Plastic is, undoubtedly, one of the greatest threats to our planet. With over eight million tons entering the ocean annually, the United Nations warns that, by 2050, the ocean could contain more plastic materials than fish. At the beginning of 2018, the city of Montreal banned plastic bags to reduce its plastic waste, leading consumers to wonder whether reusable bags offer any significant environmental benefits.
People reuse plastic bags made of high-density polyethylene (HDPE) more than might be expected. Whether they’re lining a trash can or being used to carry lunch to campus, the thin plastic bags serve a purpose. The ban therefore, may encourage consumers to purchase plastic garbage bags, offsetting some of the benefits of banning plastic bags in the first place.
Ideally, the ban might encourage more consumers to use reusable bags. However, even if they remember to bring to bring them, reusable bags aren’t completely cost-free either.
Cotton bags, a popular alternative to plastic, are available for only a few dollars each, but the cost of their production is immense. While they only make up a small percentage of the overall cotton production, according to the World Wildlife Fund the industry as a whole plays a significant role in land degradation, pesticide pollution, and water contamination. A study published by the United Kingdom Environmental Agency (EA) indicates that a cotton bag must be used 131 times to have a lower global warming potential than a HDPE bag.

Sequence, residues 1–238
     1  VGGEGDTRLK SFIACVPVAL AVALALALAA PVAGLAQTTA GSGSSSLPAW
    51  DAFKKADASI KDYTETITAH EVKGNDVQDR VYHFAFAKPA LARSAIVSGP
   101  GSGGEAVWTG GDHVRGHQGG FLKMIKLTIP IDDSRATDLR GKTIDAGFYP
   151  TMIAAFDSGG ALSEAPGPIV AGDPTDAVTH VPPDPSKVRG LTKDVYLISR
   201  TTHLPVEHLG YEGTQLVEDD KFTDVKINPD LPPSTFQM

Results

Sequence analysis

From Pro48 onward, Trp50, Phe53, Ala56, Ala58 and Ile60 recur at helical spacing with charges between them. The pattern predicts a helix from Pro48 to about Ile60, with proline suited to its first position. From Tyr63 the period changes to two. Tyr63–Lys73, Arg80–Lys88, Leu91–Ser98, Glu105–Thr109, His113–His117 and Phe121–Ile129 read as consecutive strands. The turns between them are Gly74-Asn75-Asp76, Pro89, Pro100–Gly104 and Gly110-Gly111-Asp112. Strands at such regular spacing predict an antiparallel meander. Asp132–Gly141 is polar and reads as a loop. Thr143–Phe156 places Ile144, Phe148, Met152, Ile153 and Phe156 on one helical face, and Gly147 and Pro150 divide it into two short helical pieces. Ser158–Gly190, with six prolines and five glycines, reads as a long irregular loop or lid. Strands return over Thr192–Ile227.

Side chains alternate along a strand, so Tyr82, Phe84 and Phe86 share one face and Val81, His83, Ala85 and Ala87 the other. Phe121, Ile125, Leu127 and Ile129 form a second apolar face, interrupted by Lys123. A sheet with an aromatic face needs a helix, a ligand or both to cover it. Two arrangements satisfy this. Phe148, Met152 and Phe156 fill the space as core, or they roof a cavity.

Meanwhile, polypropylene (PP) bags are a friendlier alternative that need only be used 11 times to produce less greenhouse gas emissions than HDPE, according to the EA. These bags are durable and can easily be washed out between uses to reduce the risk of contamination.
However, studies indicate that shoppers are unlikely to be as committed as their bags. A 2014 report published by Clemson University shows that only 50 per cent of consumers who use PP bags use them enough times to be more environmentally-friendly than HDPE bags.
Ultimately, the onus lies on the consumer, who decides how committed they are to reusage. Kendra Pomerantz, the Zero-Waste coordinator at the McGill Office of Sustainability, hopes that, in addition to reducing plastic use, the ban will spark a greater change.
“The publicity generated by the ban is even more important than the direct effect of the ban itself in terms of advancing our societal conversation about single-use plastics and promoting major shifts in the way that we view disposable items,” Pomerantz wrote in a message to The McGill Tribune.
Pomerantz believes that the $0.15 charge on the new, thicker plastic bags will incentivize consumers to bring bags with them.
“In other cities, a small charge has been shown to be effective to reduce the use of plastic bags,” Pomerantz wrote. “It’s more about forcing shoppers to think about their bag use instead of it being simply a passive habit.”
To further reduce climate impacts, students should evaluate not only what kind of bag they’re using, but what they’re putting in them. By reducing weekly meat consumption, students can significantly lessen their carbon footprint.
Pomerantz also suggests looking into the resources offered at McGill.
“By joining a sustainability group or participating in a course, research project, or program, [students] can link up with other like-minded people and help contribute to larger initiatives,” Pomerantz wrote.
While the ban is a step in the right direction, a change in consumer behaviour is necessary before the City of Montreal sees any substantial improvements in its environmental impact.